How Faith Helped Michael McDonald Let Go of the Past
How Faith Helped Michael McDonald Let Go of the Past
Singer Michael McDonald had made it big—but something was missing.
I have this recurring dream. I’m driving a car on a racecourse with no one else around. There’s a turn up ahead. I try to steer, but I bang into a wall. Then another. Desperately, I try to get control. But it’s no use. No matter how hard I try, I keep careening off the walls, losing control.
It’s taken me a long time to understand that dream. But a young boy I met 25 years ago started me on the right track.
In 1980 things couldn’t have been better for my band, the Doobie Brothers. Our album Minute by Minute had sold three million copies and we’d won four Grammys for the song “What a Fool Believes.” I should have been on top of the world. Truth was, I’d never been so unhappy.
We’d just finished our annual benefit concert at the children’s hospital in Palo Alto, California, and had gone upstairs to visit a 14-year-old boy with cystic fibrosis who wasn’t expected to live much longer.
The moment we walked into the boy’s room, his face lit up. His parents stood near the window. The boy had to lie face down because that was the only position in which he could still breathe, but he never stopped smiling and joking as we signed autographs and played a couple of numbers.
How can he look so happy when he’s so sick? I thought. He’s so young.
Fourteen. That’s how old I was when I wrote my first song with my dad, called “My Heart Just Won’t Let You Go.” Dad drove streetcars and buses in St. Louis for a living, but his true love was singing.
Sometimes I’d ride with him on the morning local and listen to his Irish tenor soar above the sounds of the street. He and Mom were divorced. Mom worked long hours managing the local S&H Green Stamp store. So it was my grandmother who mainly raised me and my two sisters.
All of us sang. I played banjo and fiddled around on the piano some too. Grandma bought me my first guitar from Sears, Roebuck, and Co.—a Silvertone classic with an amp in the case.
Pretty soon I was in a band with some guys I knew. They were a little older than I was and had grown up singing gospel in church. I loved the passion in gospel songs. The music came from a place deep down.
I didn’t study music formally, but I still had my teachers: Ray Charles, Stevie Wonder, Marvin Gaye. I played their records over and over, learning every note, every inflection, every feeling by heart.
After that first song with my dad, I wrote more on my own, mostly ballads. Love songs came naturally to me—maybe because I was born just two days before Valentine’s Day. Who knows? Our band would land some little gig—a church dance maybe or a community center—and I’d be thrilled.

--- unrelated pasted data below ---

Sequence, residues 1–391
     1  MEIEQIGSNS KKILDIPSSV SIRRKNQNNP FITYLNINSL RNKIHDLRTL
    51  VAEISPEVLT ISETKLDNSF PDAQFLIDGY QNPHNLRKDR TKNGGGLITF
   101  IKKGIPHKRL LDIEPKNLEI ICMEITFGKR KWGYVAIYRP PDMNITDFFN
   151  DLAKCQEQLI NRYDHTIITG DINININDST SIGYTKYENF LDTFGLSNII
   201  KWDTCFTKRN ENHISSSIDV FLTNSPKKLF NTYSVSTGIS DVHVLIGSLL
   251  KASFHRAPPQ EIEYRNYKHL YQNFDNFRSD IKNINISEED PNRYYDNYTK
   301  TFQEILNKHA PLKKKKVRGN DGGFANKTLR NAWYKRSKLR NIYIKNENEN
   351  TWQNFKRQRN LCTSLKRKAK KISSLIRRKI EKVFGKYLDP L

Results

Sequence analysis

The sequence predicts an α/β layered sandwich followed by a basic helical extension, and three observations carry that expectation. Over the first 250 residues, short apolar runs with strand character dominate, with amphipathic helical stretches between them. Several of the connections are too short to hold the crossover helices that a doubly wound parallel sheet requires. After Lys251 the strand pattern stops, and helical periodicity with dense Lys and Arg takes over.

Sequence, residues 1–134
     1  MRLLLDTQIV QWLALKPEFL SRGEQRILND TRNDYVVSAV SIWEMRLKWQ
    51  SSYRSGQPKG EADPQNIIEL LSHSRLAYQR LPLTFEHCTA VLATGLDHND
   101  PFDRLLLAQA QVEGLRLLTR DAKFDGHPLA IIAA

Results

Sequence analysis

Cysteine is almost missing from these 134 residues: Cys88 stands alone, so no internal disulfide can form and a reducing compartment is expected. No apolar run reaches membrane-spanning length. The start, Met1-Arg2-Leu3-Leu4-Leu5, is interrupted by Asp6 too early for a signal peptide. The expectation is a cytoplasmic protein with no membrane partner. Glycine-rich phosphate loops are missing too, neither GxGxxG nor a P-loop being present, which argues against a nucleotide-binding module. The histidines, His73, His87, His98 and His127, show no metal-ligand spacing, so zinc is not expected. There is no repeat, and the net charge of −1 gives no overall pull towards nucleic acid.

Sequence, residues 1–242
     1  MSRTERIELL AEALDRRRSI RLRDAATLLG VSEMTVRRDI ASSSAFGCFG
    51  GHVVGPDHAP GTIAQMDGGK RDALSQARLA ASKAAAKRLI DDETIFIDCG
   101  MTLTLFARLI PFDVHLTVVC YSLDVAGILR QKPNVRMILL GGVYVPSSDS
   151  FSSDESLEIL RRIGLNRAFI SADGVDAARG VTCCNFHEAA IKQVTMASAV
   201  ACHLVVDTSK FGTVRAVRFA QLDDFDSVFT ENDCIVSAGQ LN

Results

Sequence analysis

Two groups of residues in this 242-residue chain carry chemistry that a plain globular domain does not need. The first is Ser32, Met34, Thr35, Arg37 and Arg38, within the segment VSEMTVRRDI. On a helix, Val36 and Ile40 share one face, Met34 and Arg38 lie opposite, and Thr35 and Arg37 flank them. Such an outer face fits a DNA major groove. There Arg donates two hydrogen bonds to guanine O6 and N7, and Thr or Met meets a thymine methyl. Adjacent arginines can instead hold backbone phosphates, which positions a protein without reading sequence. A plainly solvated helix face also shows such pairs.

My voice was lower than Dad’s, a husky baritone instead of his lilting tenor. I learned pretty fast that trying to direct it got me nowhere. Every show I struggled to surrender to it and let it carry me.
I moved to Los Angeles when I was 18. I got a lot of backup work, but for years I wasn’t really getting anywhere. Then I got a break to play with Steely Dan. That led to joining the Doobies in 1975. The lead singer got sick and I stepped in.
I took Dad to my first concert. We pulled up to a stadium and walked in to see thousands of fans. Dad grinned. “This is all right, Son. I think you’re doing all right.”
It didn’t really hit me until the night we won all those Grammys. A driver had been sent for me. “Could you drive up Highway 1 for a while?” I asked him. I was too wired to go home. So much had happened so fast. I’d made it. A poor kid from St. Louis with a big voice and a lot of luck.
I knew my family was proud of me. But skimming through the darkness that night, the white crests of the waves in the distance, the crisp salty air blowing back my hair, I felt lost. Do I really deserve all this? I thought. I should be enjoying this. But why does it all feel so empty?
These thoughts still haunted me months later as I stood at the bedside of a boy who would never get the chance to go on a roadtrip with his pals, take his girlfriend to prom, start his own life. Yet he was making the most of this moment, taking life on life’s terms. He filled the room with love.
I was twice his age but between all the touring and interviews, I didn’t feel as if I had much of a life. And I’d picked up some bad habits from the rock ’n’ roll lifestyle, habits I couldn’t break. I didn’t know who I was anymore. What had happened to that boy from St. Louis?
I was certain—as sure as if I were the one who was dying—that I had to make some changes.
I was known for singing love songs. What about the love in my own life? I’d been kind of dating someone—Amy, a singer whose voice I loved—but I didn’t have much time for a personal life.
I started to make more time though. I’d leave the recording studio in Hollywood at 1:00 a.m., pick up Amy and hop onto Highway 5. We’d drive into Death Valley, make camp on the desert floor and talk for hours under the stars.
One night I was going on and on about my first solo record—how I wanted everything to be perfect. Amy reached out to touch my cheek. “Look up at the stars, Mike,” she said. “They’re perfect and they’re here right now. Don’t miss them.”
Amy was changing her lifestyle. I wanted to also. I’d had some close calls with drugs and alcohol. I didn’t want to end up a rock ’n’ roll cliché—dying on silk sheets in some hotel room. I didn’t want to lose Amy. But the harder I tried to break my addictions, the stronger they became.